You've made the mental leap from life as an employee to being your own boss, but now you need to work out the finances carefully...

So you have decided to abandon the search for a new job and become your own master. Your first task is to produce a budget to establish how much money you will require. Expenditure is usually easier to estimate realistically than the income.

Before this task can be started you need to make some basic decisions. Usually they are governed by what you can afford. If you see yourself as a one man band for the foreseeable future it may be appropriate to operate as a sole trader. However if your ambitions are to get started and then grow the business, a limited liability company may be the best solution.

You very quickly realise that you need specialist advice. It is fairly easy to obtain good quality advice without having to spend very much money. Business Links which are part of the Regional Development Agency, established in most areas of the country, are a mine full of good advice for anyone wishing to start a new business, where the advice is usually free.

If you consider an accountant or solicitor would give you mental comfort, make sure you chose carefully. Small traders often give a first class service at a reasonable cost and having been there themselves are familiar with the does and don’ts for a small business. When all is said and done, you are hoping clients will provide work for you as a small trader.

Do you intend to set up an office from home or does the budget and ambitions stretch to a small office to get you going? This type of question is often answered by the amount of money available to provide the necessary working capital. There are the set up costs to consider and the lag between doing the work and getting paid. Producing a first year cash in cash out forecast, referred to as a cash flow forecast, is essential to enable you to work out how much money you will need to allow you to get started.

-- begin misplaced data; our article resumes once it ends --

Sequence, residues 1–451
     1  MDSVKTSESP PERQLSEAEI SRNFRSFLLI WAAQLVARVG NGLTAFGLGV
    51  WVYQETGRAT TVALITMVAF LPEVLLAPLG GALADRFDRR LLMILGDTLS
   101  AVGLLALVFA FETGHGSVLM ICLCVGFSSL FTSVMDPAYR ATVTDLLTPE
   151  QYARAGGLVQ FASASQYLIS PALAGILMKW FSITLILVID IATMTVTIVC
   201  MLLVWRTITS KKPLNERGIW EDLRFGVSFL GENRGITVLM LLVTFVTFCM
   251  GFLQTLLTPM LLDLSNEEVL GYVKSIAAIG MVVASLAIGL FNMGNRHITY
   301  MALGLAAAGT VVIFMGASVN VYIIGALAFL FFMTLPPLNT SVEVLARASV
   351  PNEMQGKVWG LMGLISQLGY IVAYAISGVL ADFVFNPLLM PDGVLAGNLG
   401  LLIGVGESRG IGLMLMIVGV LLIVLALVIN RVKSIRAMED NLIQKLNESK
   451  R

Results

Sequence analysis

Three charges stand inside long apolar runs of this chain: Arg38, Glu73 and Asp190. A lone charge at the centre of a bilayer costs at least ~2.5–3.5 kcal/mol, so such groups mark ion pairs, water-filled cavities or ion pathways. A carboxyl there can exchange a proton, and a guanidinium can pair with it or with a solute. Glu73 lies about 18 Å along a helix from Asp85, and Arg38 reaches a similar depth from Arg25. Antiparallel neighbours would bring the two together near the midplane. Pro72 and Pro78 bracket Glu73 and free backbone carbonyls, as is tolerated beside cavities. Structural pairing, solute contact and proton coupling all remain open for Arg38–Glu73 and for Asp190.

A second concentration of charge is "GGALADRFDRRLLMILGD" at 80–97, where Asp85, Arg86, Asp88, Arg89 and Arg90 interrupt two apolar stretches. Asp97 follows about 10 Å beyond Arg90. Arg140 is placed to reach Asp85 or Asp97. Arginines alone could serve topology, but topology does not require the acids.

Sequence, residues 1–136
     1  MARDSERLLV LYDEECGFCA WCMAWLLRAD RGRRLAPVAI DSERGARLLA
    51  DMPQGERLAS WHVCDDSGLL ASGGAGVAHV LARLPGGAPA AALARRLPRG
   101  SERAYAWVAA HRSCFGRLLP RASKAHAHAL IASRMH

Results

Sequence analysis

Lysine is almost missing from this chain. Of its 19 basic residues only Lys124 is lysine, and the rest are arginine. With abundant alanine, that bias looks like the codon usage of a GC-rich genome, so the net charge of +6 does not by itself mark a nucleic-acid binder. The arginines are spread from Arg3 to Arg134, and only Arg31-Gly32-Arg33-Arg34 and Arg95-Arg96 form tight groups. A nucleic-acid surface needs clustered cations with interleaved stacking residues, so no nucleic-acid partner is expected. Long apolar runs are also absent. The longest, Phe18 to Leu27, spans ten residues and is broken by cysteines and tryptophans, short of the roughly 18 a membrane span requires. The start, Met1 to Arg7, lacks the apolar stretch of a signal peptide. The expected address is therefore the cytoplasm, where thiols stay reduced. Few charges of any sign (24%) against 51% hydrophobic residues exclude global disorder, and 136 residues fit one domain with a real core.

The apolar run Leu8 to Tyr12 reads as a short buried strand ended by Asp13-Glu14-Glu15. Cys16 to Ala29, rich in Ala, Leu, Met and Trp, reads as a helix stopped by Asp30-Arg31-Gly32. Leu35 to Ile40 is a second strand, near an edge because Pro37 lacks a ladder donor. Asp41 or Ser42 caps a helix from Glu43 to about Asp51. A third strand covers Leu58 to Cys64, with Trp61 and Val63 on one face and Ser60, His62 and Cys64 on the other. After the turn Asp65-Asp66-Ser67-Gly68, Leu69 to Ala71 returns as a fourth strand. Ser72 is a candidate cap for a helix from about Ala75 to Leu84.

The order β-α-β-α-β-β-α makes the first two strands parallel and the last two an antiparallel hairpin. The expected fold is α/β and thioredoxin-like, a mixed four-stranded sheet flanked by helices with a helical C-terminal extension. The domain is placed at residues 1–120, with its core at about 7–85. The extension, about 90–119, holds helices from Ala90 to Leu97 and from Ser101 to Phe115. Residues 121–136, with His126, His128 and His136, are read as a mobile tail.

Finding the cash

Where will the money come from? The redundancy payment will be a great help, but may be insufficient to provide the funds needed for the period up to the point where the money flowing in equates to the money going the other way Knowing when money is likely to be run out is crucial. One good basic rule is that when working out the cash in/cash out forecast it is sensible to include a reasonable contingency. Banks are not so good a bet as they were for providing working capital and like the borrower to provide security for the risks they take in lending to start-up companies. Relatives can sometime come up trumps.

Many businesses fail even though they are busy and making good profits, due to a shortage of cash. The old adage of “cash is king” strikes home at an early stage to most up and coming entrepreneurs.

With this in mind cash conservation is essential. It is usually preferable to rent or lease rather than buy. A reduced fee in exchange for cash up front can be of assistance. Negotiations with established suppliers to extend the payment periods all helps.

The trick is not to allow the decision to start your own business to drag on too long. The longer the time taken to decide, the quicker the redundancy fund shrinks.